To understand what 20/20 vision means, it’s important to understand another term. Visual Acuity. Visual Acuity is the sharpness or clarity of your vision. It’s measured by sitting in a static position, looking at static letters and numbers on a chart from a specific viewing distance. How well you can see the letters is then written in terms of numbers – 20/20 being “normal”.
Before I explain further, let me give you a little background. The eye chart that you commonly see in pediatric offices and schools was developed in 1862 by Dr. Herman Snellen, a Dutch ophthalmologist. He also developed the fractions that are beside each line of letters on his chart. Using his system, the top number of the Snellen fraction is the viewing distance between the patient and the eye chart. In the United States, this distance is typically 20 feet (or 6 meters). At this distance, the size of the letter on one of the smaller lines near the bottom (usually underlined in red) corresponds to “normal” visual acuity – meaning if you can read that line at 20 feet without any visual aids, then you have 20/20 vision.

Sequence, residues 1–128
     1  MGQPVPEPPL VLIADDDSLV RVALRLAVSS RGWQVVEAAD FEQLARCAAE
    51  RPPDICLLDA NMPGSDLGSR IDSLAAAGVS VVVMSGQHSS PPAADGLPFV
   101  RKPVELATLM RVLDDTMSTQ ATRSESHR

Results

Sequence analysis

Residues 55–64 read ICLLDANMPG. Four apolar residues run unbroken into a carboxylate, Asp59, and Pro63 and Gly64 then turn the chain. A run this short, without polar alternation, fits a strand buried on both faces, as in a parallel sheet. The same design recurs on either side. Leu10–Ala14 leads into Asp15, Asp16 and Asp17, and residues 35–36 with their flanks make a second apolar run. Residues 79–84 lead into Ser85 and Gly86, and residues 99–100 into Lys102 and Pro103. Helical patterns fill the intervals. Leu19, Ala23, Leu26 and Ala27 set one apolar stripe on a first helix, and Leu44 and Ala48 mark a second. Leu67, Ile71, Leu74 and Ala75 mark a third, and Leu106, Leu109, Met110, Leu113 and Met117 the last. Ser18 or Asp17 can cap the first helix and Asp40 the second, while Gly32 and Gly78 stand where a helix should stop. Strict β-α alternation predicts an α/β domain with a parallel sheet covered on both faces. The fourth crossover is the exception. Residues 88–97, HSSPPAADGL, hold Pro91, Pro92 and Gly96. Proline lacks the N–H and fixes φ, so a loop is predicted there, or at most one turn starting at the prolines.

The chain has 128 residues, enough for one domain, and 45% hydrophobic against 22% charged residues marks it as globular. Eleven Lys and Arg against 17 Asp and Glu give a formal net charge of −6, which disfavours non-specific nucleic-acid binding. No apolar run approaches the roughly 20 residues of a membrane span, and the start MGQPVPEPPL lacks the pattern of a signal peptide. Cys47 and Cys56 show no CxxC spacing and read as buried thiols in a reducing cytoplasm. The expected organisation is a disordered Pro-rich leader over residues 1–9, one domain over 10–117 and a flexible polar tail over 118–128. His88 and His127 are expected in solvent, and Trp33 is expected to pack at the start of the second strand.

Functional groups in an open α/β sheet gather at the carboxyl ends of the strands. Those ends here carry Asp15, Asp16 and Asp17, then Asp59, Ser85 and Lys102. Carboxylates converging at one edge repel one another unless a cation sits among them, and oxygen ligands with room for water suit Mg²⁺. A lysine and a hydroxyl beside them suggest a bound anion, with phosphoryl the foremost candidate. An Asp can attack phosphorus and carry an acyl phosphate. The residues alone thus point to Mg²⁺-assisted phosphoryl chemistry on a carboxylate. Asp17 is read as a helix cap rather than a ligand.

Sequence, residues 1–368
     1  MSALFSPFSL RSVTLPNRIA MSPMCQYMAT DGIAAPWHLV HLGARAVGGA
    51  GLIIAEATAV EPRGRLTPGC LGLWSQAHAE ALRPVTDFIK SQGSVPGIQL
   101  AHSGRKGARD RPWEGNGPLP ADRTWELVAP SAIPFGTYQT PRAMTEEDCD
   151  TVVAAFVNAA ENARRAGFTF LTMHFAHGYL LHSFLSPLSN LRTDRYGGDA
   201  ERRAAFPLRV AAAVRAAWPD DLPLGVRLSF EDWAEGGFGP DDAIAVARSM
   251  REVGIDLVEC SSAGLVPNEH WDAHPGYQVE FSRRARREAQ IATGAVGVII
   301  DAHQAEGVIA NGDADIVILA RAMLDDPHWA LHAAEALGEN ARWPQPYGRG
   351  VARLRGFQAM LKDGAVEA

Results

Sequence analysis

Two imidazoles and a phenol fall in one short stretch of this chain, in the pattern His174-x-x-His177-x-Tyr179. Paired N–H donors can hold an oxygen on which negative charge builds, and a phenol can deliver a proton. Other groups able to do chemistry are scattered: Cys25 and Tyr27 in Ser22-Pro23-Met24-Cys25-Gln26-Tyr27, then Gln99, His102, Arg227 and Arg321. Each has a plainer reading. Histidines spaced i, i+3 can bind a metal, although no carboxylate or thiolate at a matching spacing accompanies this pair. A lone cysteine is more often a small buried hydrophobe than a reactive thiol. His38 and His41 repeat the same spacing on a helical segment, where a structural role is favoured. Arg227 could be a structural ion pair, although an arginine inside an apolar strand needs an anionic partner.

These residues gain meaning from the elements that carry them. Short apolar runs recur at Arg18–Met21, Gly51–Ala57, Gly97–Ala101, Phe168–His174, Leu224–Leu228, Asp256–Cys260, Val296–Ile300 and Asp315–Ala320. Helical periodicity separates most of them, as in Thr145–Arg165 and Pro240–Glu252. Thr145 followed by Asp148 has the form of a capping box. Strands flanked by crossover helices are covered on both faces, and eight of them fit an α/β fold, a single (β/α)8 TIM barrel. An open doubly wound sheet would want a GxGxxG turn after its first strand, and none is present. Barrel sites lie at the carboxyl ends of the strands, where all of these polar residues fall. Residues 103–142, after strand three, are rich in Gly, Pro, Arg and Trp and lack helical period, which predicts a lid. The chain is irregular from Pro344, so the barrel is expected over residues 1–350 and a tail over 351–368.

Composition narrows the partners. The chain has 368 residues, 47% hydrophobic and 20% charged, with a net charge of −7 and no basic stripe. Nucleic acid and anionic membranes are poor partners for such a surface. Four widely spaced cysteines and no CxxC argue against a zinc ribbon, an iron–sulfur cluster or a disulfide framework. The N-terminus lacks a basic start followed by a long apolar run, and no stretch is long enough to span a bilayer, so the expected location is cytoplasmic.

It gets a little tricky when you change the number of the fraction on the bottom. For example: A person with 20/15 vision can see objects at 20 feet that a person with 20/20 vision can only see at 15 feet.
Said another way, 20/40 vision means that a person sees at 20 feet what a “normal” (20/20 sighted) person sees at 40 feet.
All you need to remember is that if the numbers on the bottom of the fraction are smaller, your vision is better than the norm. If the numbers are larger, then your vision is worse.
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